Bone and joint infections Notes
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NOTES NOTES BONE & JOINT INFECTIONS GENERALLY, WHAT ARE THEY? PATHOLOGY & CAUSES ▪ Bacterial invasion and destruction of bone and joint cartilage ▪ Caused by bacteria ▫ E.g. Staphylococcus aureus (S. aureus), Mycobacterium tuberculosis (M. tuberculosis), Pseudomonas aeruginosa (P. aeruginosa) RISK FACTORS ▪ Trauma/open fractures, diabetes/ atherosclerosis, orthopedic implants, existing infection etc. COMPLICATIONS ▪ ▪ ▪ ▪ Chronic infections Bone fractures Loss of mobility Dissemination of infection SIGNS & SYMPTOMS DIAGNOSIS DIAGNOSTIC IMAGING MRI ▪ Detect bone infections CT scan, X-ray ▪ Detect fractures LAB RESULTS ▪ Blood tests ▪ Needle aspiration: pathogen detection TREATMENT MEDICATIONS ▪ Before identifying pathogen → general antibiotics ▪ Known pathogen → speciﬁc antibiotics SURGERY ▪ Surgical cleaning ▪ Pain → individual avoids using infected joint Systemic ▪ Fever, chills, weakness, headache Local ▪ Swollen, painful, warm OSMOSIS.ORG 587
OSTEOMYELITIS osms.it/osteomyelitis PATHOLOGY & CAUSES ▪ Cortical loss ▪ Contrast enhancement of abscess rim ▪ Bacterial infection (S. aureus, M. tuberculosis most common) → bone, bone marrow inﬂammation ▪ Bacteria → bone via bloodstream, nearby infection, open fractures/orthopedic implants ▪ First week: bacterial reproduction → inﬂammation → bone necrosis (e.g. sequestrum); if periosteum bursts → abscess ▪ Later: cytokines induce bone resorption → replacement with ﬁbrous tissue → new bone formation around necrotic one (e.g. involucrum) Nuclear medicine scans ▪ If MRI not attainable: higher radiotracer uptake CT scan, X-ray ▪ not sensitive for 1–2 weeks ▫ Osteopenia (decreased bone density) ▫ Periosteal reaction (thickening of periosteum) ▫ Aggressive infection → Codman’s triangle (lifted periosteum with triangleshaped, ossiﬁed edge) RISK FACTORS ▪ Diabetes, fractures, splenectomy, orthopedic procedures/hardware COMPLICATIONS ▪ If M. tuberculosis disseminates from joint to vertebra → Pott disease ▪ Inadequate treatment → chronic infection → bone fractures, sepsis SIGNS & SYMPTOMS Local ▪ Redness, swelling, painful site, sinus connecting to abscess Systemic ▪ Weakness, fever, headache, shivering DIAGNOSIS DIAGNOSTIC IMAGING MRI ▪ Edema → signal changes 588 OSMOSIS.ORG Figure 106.1 An X-ray image of the tibia demonstrating a radiolucency with a sclerotic border consistent with a Brodie abscess.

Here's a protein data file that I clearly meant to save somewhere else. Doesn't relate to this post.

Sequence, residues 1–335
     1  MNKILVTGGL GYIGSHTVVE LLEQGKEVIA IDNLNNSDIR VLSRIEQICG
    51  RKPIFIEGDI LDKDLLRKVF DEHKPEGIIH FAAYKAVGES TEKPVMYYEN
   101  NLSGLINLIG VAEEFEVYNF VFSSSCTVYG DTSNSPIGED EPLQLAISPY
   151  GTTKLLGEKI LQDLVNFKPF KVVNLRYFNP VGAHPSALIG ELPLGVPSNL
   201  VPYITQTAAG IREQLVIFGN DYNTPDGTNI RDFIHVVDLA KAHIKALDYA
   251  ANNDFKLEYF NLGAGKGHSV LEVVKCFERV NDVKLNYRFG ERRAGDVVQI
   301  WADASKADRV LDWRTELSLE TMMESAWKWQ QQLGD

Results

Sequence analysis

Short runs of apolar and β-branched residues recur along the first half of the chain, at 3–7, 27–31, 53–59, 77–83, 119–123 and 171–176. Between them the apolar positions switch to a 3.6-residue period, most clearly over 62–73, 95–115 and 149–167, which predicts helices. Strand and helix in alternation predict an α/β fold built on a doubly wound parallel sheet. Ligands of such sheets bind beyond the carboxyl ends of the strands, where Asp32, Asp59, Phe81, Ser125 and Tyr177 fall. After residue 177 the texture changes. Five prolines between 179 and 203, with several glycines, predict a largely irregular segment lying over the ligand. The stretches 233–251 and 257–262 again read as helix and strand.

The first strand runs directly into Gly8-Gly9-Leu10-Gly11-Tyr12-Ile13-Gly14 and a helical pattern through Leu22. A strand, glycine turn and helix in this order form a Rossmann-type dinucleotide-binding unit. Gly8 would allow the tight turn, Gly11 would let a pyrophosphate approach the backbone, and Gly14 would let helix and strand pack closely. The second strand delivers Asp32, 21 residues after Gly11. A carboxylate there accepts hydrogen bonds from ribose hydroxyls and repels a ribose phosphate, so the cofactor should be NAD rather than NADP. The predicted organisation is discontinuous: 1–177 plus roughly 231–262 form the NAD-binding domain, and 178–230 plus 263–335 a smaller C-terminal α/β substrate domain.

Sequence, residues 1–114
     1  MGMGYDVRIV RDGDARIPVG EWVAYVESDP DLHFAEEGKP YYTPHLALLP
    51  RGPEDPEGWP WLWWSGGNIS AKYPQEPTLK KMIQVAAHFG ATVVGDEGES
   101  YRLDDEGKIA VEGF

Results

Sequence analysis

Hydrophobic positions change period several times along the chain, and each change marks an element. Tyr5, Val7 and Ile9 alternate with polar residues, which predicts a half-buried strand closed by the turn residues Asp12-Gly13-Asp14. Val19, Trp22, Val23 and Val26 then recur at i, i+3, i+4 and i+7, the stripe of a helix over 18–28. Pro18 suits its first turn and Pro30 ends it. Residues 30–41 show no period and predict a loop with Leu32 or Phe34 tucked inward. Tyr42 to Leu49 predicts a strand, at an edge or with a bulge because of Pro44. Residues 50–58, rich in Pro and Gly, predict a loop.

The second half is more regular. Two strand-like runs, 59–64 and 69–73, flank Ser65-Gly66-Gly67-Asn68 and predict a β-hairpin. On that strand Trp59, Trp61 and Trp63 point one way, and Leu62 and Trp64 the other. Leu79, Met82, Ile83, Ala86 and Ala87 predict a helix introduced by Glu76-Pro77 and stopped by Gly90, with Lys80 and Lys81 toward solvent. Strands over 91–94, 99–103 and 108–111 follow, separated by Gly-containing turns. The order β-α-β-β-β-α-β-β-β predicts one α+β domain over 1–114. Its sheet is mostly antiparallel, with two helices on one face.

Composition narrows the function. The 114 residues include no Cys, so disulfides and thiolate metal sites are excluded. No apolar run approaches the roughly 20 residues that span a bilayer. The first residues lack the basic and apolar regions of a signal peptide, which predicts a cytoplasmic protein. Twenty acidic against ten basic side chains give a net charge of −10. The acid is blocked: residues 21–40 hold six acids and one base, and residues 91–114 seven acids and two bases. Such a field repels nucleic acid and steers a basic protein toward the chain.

Chapter 106 Bone & Joint Infections ▫ Endosteal scalloping (focal resorption of endosteum) ▫ Advanced osteomyelitis → cortical bone breakage ▫ Peripheral sclerosis (increased density at periphery, lower density centrally) OTHER DIAGNOSTICS Needle aspiration guided with ultrasound ▪ Speciﬁc antibiotic therapy TREATMENT MEDICATIONS ▪ Long-term intravenous antibiotics SURGERY Figure 106.2 A plain radiograph of the right lower leg of an individual with postoperative osteomyelitis. The surgical wound started discharging pus two weeks post open reduction. There is medial cortical destruction and loss of trabeculations with lateral cortical thickening. ▪ Surgical removal of dead bone ▪ Severe cases → amputation SEPTIC ARTHRITIS osms.it/septic-arthritis PATHOLOGY & CAUSES ▪ Joint structures: infected, damaged ▪ Pathogen enters the joint via bloodstream, from nearby infection/directly (e.g. open fracture) ▪ Infection of joint → endotoxin production → cytokine release → neutrophil attraction → inﬂammation, damage of joint structures CAUSES ▪ Most commonly S. aureus (any age group), Neisseria gonorrhoeae (N. gonorrhoeae; sexual transmission → adults) RISK FACTORS ▪ ▪ ▪ ▪ ▪ ▪ ▪ Diabetes Joint trauma Artiﬁcial joint, surgical procedure Osteomyelitis Chronic arthritis (e.g. rheumatoid arthritis) Immunocompromised HIV SIGNS & SYMPTOMS ▪ Most commonly affects knee; less commonly ankle, hip, shoulder OSMOSIS.ORG 589
Local ▪ Restricted range of motion; painful, warm, swollen joint Systemic ▪ Fever, weakness DIAGNOSIS DIAGNOSTIC IMAGING X-ray, CT scan ▪ Normal in early stages ▪ ↑ ﬂuid in synovial part of joint ▪ Narrowing of joint space due to destruction of cartilage ▪ Destruction of bone adjacent to cartilage MRI ▪ Edema around synovium ▪ Assess spread of infection outside the joint Ultrasound ▪ ↑ ﬂuid ▪ Guiding needle for aspiration Figure 106.3 A red, hot, swollen left knee in an individual with septic arthritis. TREATMENT MEDICATIONS Blood test ▪ ↑ white blood cells count (WBC); ↑ sedimentation rate (ESR) ▪ General antibiotics depending on Gram stain of joint ﬂuid ▪ Switch to speciﬁc antibiotics once bacteria identiﬁed ▪ Pain medications (e.g. NSAIDs, acetaminophen) Aspiration of joint ﬂuid ▪ → bacterial culture → speciﬁc antibiotics SURGERY LAB RESULTS 590 OSMOSIS.ORG ▪ Surgically drain, cleanse joint ﬂuid
Osmosis High-Yield Notes
This Osmosis High-Yield Note provides an overview of Bone and joint infections essentials. All Osmosis Notes are clearly laid-out and contain striking images, tables, and diagrams to help visual learners understand complex topics quickly and efficiently. Find more information about Bone and joint infections by visiting the associated Learn Page.